Marina & Ulay, Reunited
Unfortunately, the pieces executed by Marina’s minions are, in many ways, a novelty: the more you know about the artist and her oeuvre, the less successful the reperformances become. I found that they were far less impactful the second, third, fourth, etc. times around; the sheen of originality quickly fades once you recognize that the anonymous faces are rotating between the five ‘live’ works on the sixth floor. By the third time I visited the exhibition, I was far more concerned with where Marina and Ulay went when they walked off the screen in [the video of] Relation in Space (in which they repeatedly walk into one another) than the four people in the 8-foot cube behind me (reperforming Relation in Time and Point of Contact), taped off to demarcate its artness, hermeneutically if not hermetically sealed.
When I first saw this on T Magazine, I thought it looked like a movie trailer… turns out, it is.
In other words, the work on the sixth floor relies on an element of unpredictability that constitutes the essence of performance art. I distinctly remember when my first encounter with Luminosity, shortly after the exhibit opened in March. The white light is strangely forgiving: she struck me as painted, photorealistic, timeless in the split-second before I realized that she was not just an image but a real person. If that naïve (in a good sense) suspension of disbelief cannot be underestimated, it is precisely because it will never happen again.
Of course, the inherent ‘unrepeatability’ of Abramović’s work only underscores the singular nature of performance art. Again, although some have questioned the authenticity of reperformance—to the effect that any attempt to do so somehow devalues the work itself and Marina’s legacy—I think there is something to be said for the sheer novelty of reperformance, where ignorance is bliss.
Date: May 23, 2009
To: K. Biesenbach
From: M. Abramović
RE: Retrospective at MoMA
I decided that I want to have a work that connects me more with the public, that concentrates … on the interaction between me and the audience.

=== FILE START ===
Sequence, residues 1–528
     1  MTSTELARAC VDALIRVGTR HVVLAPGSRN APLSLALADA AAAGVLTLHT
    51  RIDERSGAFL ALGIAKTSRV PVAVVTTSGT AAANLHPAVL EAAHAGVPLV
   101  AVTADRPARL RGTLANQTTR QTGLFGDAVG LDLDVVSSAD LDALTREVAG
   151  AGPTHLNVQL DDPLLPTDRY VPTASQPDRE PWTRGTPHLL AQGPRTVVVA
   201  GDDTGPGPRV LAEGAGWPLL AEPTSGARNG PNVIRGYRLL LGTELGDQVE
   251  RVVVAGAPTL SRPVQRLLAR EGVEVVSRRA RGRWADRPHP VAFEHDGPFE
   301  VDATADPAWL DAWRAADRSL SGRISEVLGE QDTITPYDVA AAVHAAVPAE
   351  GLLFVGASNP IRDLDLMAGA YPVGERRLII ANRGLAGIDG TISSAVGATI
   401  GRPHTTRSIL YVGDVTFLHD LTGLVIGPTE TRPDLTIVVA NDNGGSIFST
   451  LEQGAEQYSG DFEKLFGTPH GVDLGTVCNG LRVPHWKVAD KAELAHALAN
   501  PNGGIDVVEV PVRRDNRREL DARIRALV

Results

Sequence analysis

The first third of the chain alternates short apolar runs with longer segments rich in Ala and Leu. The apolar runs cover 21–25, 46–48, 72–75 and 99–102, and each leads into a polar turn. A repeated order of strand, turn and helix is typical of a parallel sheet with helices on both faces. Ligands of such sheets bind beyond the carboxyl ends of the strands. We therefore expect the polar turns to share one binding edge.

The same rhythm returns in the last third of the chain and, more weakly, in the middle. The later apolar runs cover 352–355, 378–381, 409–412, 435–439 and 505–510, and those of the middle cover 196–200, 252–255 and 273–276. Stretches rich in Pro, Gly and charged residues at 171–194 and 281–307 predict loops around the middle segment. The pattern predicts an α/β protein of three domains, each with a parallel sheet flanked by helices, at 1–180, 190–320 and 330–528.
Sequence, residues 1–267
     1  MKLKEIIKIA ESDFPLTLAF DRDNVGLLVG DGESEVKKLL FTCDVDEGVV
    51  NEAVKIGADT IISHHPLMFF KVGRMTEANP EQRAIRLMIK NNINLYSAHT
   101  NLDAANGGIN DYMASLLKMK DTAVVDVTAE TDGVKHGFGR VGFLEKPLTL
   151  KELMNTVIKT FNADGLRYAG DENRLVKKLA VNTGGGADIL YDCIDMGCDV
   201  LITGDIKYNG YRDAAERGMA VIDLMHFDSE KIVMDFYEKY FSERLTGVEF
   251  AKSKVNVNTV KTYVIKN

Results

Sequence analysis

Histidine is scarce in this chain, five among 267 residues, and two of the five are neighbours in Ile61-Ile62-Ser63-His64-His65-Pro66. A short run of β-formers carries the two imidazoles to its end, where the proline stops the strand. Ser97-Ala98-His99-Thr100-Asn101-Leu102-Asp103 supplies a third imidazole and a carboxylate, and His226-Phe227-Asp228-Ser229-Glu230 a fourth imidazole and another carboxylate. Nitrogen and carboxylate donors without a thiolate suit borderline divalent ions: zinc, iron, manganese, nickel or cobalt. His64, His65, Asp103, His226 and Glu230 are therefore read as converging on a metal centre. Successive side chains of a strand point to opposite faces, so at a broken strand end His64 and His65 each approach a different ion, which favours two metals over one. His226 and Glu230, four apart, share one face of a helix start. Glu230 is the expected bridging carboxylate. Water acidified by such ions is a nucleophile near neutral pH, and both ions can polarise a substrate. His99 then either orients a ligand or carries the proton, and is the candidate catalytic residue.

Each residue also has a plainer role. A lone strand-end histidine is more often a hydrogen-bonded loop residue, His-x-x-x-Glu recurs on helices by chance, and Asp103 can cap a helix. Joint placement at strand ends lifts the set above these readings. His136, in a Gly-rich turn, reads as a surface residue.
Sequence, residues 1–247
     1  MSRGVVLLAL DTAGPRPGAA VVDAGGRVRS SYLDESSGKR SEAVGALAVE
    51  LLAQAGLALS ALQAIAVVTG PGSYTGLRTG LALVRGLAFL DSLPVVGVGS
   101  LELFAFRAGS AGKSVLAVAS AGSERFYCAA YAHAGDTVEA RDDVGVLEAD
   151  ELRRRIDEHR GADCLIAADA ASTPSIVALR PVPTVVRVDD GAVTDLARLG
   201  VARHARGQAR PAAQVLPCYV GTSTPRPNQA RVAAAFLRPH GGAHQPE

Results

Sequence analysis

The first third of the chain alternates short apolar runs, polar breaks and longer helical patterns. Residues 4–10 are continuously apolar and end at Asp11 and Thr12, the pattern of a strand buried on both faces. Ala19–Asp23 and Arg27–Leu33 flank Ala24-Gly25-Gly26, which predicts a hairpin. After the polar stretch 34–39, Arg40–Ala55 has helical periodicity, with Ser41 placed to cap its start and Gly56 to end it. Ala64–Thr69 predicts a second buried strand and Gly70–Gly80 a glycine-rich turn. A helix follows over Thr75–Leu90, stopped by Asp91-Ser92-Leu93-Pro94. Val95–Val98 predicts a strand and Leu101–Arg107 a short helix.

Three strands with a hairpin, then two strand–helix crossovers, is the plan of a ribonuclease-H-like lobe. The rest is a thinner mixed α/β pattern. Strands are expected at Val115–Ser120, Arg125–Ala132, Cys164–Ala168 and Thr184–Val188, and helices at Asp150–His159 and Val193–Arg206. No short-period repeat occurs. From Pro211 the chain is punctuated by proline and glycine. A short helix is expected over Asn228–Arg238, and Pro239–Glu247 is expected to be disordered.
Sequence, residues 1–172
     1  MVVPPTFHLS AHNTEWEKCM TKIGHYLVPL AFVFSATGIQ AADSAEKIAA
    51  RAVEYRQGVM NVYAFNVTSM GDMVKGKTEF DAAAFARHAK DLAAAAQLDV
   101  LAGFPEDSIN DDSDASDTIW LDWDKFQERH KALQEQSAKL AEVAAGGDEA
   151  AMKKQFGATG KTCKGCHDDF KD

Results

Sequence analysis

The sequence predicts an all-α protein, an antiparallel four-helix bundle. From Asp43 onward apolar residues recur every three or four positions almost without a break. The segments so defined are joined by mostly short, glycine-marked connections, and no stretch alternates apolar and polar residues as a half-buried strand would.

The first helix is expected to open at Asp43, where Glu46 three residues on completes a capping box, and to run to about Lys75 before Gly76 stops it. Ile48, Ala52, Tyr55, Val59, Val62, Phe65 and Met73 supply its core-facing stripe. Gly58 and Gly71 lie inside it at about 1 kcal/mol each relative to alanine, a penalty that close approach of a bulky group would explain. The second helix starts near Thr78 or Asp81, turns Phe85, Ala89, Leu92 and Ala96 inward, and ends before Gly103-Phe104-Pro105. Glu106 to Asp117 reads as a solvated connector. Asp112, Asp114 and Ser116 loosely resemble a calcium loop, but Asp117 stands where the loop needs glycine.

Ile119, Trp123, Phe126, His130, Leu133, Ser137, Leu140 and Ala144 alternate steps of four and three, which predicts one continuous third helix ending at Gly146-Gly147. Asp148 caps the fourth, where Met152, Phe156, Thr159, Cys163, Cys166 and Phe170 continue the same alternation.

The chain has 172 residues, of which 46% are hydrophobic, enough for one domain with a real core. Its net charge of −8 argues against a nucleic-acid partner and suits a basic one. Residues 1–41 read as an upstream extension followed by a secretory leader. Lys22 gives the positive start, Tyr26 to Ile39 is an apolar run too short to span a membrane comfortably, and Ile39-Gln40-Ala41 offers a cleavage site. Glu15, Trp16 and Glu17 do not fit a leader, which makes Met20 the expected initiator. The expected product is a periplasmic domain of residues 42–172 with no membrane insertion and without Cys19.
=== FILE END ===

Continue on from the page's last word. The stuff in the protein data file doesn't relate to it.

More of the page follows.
I want to have a simple table, installed in the center of the atrium, with two chairs on the sides. I will sit on one chair and a square of light from the ceiling will separate me from the public.
Anyone will be free to sit on the other side of the table, on the second chair, staying as long as he/she wants, being fully and uniquely part of the Performance.
I think this work [will] draw a line of continuity in my career.
Hence, the true power of Marina presented herself: that of an artwork unfolding in real time. It was neither a performance nor art by most definitions of either word—performance suggests action and art suggests meaning—but, insofar as the medium is the body itself, it was Performance Art, reduced to its essence: presence (not unlike Tehching Hsieh’s “Lifeworks,” which also bear MoMA’s stamp of approval).
A friend and I agreed to get to MoMA early in hopes of earning an audience with her inimitable highness Marina Abramovic on a Saturday morning two months ago. Unfortunately, there was already a substantial crowd—to the extent that they let people into the foyer (between the ticket check and stairs to the atrium) 20 minutes before opening—by 10 AM (when we had agreed to meet at MoMA), despite the gorgeous weather, semi-early arrival and the ‘magical’ tourist attraction up the block.